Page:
Citroen C4 Cactus: An innovative car that is not very innovative
Throughout its history, Citroën has contributed significantly to the motorcar’s development, often to its financial detriment. Yet, I have always respected the pioneer’s left-field stance, which is why I jumped at the chance, in early February, to be one of the first people to preview its latest mid-sized model, prior to the official unveiling in Geneva next month.
Proclaiming that the new Citroën C4 Cactus stands for a ‘New World and New Ideas’, the press blurb excited me. It is exactly what the company and the new car buyer needs – something different – maybe even, a GS for the 21st Century. That is, a technically-brilliant, roomy, economical, practical, high-selling (Over 2.5m GSs found homes) and distinctive medium-sized car, not a superficial rehash of its predecessors, leaving its deficiencies to be filled-in by florid marketing hyperbole.
I was also enthusiastic that the C4 Cactus production car was based upon the attractive and innovative concept from late last year, complete with its absent B-pillar. However, the model had to endure a troubled gestation, during which time its parent company, PSA (Citroën and Peugeot’s holding company), was coughing up blood and haemorrhaging cash, due largely to flat-lining new car demand in Europe. 2012’s 5bn Euros loss was only one of its worries and the business has been forced to swap pride for survival, by shutting a French factory and accepting, red-faced, a 7bn Euros bailout from the Gallic government. Further controversial attempts to raise capital have culminated in 3bn Euros’ worth of shares being snapped-up by the Chinese Dongfeng Group, thus weakening the Peugeot family’s stake.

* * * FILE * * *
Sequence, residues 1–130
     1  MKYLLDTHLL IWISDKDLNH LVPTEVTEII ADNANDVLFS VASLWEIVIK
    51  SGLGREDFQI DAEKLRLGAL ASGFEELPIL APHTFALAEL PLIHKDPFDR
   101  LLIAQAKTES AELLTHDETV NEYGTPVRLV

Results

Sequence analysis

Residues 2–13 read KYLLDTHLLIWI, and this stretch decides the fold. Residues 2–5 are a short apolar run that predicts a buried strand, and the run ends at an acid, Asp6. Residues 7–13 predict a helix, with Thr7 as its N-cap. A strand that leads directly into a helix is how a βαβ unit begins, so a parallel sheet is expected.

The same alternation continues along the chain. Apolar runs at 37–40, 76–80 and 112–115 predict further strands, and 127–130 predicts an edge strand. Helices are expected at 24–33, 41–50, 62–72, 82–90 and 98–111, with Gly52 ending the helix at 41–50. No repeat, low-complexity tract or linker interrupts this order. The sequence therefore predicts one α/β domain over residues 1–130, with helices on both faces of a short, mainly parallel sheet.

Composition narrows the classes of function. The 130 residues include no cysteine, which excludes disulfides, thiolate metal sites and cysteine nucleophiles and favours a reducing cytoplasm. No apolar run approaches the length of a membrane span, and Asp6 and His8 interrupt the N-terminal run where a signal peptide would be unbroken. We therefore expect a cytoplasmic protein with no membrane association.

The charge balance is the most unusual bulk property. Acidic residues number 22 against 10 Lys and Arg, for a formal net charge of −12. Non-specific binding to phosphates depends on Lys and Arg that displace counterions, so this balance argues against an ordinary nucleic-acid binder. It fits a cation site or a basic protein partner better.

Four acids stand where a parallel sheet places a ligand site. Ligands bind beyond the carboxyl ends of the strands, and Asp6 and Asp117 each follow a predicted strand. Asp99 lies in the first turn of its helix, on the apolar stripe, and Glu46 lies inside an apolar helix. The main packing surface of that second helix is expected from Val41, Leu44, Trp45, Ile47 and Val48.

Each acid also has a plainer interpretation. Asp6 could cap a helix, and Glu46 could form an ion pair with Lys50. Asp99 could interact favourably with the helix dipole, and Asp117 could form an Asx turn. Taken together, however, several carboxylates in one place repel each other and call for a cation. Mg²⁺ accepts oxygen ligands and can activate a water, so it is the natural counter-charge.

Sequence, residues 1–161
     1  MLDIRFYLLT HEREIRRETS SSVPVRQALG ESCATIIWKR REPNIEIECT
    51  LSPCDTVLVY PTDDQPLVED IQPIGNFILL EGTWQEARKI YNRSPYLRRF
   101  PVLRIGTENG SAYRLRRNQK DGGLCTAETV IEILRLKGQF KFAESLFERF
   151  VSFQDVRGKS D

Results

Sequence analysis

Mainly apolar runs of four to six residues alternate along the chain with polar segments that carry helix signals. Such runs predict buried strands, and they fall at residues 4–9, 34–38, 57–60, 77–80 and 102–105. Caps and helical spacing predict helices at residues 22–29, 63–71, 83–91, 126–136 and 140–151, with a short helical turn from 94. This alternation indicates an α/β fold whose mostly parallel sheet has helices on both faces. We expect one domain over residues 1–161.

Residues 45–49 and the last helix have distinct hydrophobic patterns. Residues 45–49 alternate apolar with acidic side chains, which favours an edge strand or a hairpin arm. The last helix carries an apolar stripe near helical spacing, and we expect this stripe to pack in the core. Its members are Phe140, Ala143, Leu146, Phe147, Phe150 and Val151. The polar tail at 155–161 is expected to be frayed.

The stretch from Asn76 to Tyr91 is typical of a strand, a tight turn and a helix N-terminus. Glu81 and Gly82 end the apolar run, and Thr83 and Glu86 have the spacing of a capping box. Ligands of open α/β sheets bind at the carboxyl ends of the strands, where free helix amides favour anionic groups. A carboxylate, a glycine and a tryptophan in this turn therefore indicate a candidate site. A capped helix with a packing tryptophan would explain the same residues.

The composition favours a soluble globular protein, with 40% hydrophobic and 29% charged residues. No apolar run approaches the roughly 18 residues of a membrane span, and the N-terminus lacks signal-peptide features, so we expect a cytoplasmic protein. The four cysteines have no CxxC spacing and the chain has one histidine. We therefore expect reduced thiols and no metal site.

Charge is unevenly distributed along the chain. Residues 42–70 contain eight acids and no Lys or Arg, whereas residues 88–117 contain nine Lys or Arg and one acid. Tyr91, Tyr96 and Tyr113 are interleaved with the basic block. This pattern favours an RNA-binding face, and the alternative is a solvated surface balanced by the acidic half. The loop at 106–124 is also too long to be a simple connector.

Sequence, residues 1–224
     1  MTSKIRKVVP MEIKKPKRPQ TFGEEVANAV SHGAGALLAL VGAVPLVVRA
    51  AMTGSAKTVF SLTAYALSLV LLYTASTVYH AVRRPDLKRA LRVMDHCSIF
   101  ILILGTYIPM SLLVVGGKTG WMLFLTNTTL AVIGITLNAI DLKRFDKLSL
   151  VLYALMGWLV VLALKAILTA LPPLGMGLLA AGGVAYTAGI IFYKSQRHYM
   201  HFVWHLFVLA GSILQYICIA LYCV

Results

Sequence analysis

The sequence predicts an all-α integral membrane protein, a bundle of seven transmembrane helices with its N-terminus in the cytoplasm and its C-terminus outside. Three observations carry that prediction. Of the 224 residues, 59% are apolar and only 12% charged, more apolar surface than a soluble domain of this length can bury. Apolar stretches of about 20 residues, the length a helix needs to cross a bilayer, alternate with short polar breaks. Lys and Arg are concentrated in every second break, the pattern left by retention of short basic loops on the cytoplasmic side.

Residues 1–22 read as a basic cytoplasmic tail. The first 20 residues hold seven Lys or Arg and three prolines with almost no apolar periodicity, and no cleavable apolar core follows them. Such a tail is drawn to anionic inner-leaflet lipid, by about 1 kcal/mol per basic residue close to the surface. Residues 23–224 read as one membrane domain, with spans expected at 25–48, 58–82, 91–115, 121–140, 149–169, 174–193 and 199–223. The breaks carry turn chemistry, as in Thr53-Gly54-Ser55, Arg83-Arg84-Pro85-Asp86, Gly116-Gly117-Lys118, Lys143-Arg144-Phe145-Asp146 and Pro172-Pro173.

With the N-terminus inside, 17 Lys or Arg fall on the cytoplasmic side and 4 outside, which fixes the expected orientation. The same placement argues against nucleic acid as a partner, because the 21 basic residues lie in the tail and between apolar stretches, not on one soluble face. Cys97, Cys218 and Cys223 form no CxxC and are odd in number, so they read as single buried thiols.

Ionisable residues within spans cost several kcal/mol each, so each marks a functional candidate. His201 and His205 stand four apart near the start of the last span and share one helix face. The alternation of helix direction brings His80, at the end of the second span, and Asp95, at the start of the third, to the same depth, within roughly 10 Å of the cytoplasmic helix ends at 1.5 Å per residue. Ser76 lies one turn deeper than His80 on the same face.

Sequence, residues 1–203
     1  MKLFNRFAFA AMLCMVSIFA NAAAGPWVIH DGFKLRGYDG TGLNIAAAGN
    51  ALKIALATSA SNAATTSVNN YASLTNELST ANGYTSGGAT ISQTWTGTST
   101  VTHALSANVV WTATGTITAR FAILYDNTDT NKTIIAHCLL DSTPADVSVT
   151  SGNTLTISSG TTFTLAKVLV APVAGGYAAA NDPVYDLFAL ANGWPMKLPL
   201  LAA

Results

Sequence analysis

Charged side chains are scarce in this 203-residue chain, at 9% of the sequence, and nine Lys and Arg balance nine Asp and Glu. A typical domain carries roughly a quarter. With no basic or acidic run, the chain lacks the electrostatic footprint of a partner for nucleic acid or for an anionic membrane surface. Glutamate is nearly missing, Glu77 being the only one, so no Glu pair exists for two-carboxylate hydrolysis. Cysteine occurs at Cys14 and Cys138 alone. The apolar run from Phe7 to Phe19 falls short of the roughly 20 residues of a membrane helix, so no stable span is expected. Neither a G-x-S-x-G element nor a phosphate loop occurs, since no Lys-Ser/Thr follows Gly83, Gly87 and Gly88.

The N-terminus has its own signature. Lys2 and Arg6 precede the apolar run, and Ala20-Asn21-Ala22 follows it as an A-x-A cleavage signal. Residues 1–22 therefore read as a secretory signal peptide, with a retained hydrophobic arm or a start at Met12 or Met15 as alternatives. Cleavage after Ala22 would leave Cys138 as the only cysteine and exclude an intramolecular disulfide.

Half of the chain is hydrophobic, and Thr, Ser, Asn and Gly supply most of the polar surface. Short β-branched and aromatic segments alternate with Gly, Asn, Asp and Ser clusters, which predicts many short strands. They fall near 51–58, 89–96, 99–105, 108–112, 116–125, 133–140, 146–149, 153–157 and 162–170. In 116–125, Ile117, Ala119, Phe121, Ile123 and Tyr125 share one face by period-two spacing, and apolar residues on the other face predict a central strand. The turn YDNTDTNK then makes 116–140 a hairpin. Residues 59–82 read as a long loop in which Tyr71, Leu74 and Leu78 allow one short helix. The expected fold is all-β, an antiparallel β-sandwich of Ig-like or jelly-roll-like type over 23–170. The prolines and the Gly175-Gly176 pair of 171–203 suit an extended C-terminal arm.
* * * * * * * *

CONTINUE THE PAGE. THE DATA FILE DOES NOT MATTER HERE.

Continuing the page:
FINDING SUBSTANCE IN AIR(-BUMPS)
Trying to launch an innovative mid-range car, with little money, is no easy task and my expectations of discovering the promised new ideas were dashed quickly, upon viewing the production reality for the first time. C4 Cactus may retain the handsome silhouette but some of the concept car’s radical features, such as the front bench seat and the absent B-pillar, have been scrapped by the production accountants. While Citroën proclaims that the exposition was of a new car, the company could not even bestow it with an entirely new name. The C4 moniker remains associated with an uncompetitive midfield hatchback, balanced by a series of largely competent Picasso MPVs. Notably, C4 Cactus shares styling cues from other Citroën models (plus a few borrowed from other carmakers) but it has inherited the C4 Picasso’s front end, including the distinctive, but not particularly effective, headlights.
In a tightly-controlled pre-launch event, I learned that the universally-comprehended ‘Cactus’ name signifies both toughness and frugality. One of the undermining aspects was in the car’s lightness. While it is credible that the engineers, none of which were available for me to interview, had shed the C4 Cactus’s weight to below one metric tonne (945kgs), helped by employing an aluminium bonnet (not unique, as Citroen’s DS of the 1960s proved) and non-winding rear windows (which are less costly to produce), I was surprised to find that the car is disadvantaged at its core, being underpinned by an older chassis (stretched C3), in-lieu of PSA’s latest, ultra-light, offering. Had the weight shedding exercise been taken one step further, then the marketing people might have possessed a genuine and credible triumph to promote, harking back to the truly lightweight and frugal Citroen AX, the diesel version of which held the Guinness World Record’s most economical car accolade for many years.